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Corneal Physician Bulletin: Transparent Corneal Inlay May Join List of Presbyopia Treatments

            Patients who have presbyopia have the option of optimizing their vision via glasses, multifocal contact lenses, premium IOLs and intra-corneal inlays. Thanks to a team of researchers from the Universitat Politècnica de València (UPV), the Universitat de València and the Aiken Ophthalmic Clinic Research Foundation, a completely transparent trifocal corneal inlay could be added to this list of options, according to UPV. 
            The totally transparent diffractive inlay is comprised of a biocompatible material and “is extremely thin — less than 5 μm— so, it would be inlayed inside the stroma of the cornea, basically without affecting its structure, in a cavity created with a femtosecond laser,” explains Walter D. Furlan, researcher at the Department of Optics and Optometry and Vision Sciences at the University of Valencia, to UPV. “The lens is micro-perforated, which allows the flow of necessary nutrients in this part of the cornea,”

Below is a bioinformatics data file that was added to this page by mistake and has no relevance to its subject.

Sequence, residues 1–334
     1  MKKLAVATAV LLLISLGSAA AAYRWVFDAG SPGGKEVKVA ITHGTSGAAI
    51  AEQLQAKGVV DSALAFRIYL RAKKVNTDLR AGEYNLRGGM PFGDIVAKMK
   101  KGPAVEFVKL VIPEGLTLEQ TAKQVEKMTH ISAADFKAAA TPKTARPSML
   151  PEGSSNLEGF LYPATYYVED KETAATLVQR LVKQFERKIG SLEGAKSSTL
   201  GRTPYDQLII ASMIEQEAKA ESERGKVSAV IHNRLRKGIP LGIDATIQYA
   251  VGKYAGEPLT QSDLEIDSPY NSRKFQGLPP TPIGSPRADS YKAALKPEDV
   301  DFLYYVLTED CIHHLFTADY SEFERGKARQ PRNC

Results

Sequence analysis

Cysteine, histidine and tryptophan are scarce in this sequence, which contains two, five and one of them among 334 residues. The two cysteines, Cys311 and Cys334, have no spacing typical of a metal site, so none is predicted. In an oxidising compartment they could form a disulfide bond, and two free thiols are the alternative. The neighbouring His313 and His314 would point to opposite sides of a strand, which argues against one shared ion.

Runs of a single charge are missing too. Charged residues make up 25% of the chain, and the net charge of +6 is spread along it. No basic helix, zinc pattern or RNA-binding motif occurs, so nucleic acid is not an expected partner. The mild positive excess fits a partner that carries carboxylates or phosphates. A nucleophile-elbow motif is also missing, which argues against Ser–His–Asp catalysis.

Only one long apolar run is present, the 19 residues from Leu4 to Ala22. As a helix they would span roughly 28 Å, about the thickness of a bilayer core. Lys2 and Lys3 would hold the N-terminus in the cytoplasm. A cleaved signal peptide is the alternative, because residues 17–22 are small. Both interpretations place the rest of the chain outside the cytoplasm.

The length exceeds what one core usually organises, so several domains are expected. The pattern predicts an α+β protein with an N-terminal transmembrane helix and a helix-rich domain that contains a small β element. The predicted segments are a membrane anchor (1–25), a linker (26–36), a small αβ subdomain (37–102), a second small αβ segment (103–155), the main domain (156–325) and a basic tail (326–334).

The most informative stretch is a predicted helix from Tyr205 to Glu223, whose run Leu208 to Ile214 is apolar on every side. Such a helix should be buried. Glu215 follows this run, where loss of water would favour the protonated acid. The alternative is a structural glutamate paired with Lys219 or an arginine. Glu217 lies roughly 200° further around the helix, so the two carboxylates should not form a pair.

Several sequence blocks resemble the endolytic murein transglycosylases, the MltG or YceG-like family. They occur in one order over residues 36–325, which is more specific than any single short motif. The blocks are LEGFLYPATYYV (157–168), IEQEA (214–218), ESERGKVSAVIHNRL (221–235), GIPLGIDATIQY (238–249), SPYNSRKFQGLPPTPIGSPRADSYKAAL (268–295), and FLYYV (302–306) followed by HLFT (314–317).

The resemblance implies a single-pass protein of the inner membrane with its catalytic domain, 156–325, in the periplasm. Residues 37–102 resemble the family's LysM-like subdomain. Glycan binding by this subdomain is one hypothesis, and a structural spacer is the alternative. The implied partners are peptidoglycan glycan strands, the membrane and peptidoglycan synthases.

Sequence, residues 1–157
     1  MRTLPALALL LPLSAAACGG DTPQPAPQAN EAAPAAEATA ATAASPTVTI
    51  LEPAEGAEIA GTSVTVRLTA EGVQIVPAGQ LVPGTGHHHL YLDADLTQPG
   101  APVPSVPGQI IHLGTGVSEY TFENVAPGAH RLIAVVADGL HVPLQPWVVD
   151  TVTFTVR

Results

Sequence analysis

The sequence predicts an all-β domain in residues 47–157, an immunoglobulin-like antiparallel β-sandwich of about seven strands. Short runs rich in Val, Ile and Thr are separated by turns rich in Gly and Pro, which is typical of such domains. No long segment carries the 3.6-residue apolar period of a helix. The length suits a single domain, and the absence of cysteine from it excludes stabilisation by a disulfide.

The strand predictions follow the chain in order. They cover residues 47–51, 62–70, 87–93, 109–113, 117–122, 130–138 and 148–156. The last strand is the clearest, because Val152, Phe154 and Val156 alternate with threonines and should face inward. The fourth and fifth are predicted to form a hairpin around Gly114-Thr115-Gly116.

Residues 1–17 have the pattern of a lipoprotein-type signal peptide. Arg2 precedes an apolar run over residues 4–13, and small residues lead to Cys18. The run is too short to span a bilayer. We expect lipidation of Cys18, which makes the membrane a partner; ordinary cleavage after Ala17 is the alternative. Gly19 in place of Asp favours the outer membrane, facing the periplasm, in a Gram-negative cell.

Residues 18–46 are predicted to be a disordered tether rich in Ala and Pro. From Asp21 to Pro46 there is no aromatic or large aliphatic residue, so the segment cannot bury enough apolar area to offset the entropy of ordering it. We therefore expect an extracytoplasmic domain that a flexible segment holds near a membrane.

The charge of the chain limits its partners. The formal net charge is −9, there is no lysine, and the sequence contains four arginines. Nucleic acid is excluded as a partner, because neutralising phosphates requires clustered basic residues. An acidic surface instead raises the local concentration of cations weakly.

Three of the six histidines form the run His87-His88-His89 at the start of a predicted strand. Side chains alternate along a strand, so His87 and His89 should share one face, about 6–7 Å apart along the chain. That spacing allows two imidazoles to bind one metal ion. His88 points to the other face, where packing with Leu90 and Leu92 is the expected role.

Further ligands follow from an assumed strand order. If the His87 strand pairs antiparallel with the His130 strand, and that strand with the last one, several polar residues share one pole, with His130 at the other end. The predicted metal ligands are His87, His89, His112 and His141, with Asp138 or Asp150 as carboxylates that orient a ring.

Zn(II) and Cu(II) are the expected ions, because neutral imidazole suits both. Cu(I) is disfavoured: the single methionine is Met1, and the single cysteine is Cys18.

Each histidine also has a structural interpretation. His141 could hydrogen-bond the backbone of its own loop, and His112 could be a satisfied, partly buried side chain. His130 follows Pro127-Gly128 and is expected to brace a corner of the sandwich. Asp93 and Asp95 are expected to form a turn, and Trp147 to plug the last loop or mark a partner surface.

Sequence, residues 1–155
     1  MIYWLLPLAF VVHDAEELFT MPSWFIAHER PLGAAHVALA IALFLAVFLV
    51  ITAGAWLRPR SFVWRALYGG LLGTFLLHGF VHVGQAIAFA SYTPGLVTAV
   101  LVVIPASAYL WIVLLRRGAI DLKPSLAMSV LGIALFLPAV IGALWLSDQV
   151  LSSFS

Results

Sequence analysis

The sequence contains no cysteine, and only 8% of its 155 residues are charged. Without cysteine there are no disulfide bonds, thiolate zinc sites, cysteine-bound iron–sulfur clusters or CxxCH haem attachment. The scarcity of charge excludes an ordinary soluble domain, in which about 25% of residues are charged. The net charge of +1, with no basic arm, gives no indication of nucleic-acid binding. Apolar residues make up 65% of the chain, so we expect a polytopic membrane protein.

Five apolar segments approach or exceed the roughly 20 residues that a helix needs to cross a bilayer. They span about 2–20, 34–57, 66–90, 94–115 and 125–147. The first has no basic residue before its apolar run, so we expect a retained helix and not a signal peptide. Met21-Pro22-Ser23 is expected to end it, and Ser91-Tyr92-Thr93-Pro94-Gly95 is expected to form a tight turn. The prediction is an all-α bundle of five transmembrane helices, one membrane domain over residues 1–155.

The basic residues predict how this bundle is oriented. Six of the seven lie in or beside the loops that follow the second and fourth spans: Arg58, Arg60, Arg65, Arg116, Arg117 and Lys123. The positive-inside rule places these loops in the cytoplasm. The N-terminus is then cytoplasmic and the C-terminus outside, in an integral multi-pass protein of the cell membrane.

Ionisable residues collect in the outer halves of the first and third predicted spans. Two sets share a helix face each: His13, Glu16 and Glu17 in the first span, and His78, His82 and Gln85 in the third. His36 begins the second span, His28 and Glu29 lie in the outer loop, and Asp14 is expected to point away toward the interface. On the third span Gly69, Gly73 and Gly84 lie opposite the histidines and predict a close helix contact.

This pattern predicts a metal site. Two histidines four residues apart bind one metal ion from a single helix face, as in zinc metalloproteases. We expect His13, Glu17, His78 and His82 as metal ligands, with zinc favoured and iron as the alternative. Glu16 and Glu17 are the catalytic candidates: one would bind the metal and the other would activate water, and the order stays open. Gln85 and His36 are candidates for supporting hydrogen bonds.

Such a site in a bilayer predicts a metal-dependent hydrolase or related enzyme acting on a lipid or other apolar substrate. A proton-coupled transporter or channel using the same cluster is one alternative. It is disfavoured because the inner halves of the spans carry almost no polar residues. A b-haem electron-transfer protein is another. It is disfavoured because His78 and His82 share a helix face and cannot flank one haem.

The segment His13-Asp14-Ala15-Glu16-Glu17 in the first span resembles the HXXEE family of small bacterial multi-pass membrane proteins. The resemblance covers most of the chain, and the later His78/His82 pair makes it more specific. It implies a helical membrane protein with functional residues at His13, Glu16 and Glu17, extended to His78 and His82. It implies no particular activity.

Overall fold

Vicente Ferrando, a researcher at the Center for Physical Technologies of the Universitat Politècnica de València, adds that the nutrients flow associated with this inlay is large, which “would reduce the chances of rejection once inlayed in the cornea of the patient.” 
            Something else to consider: Some of the inlay’s design parameters may be adapted, allowing for customization for each patient, according to the UPV.
            The researchers are now looking at starting clinical trials in presbyopic patients. CP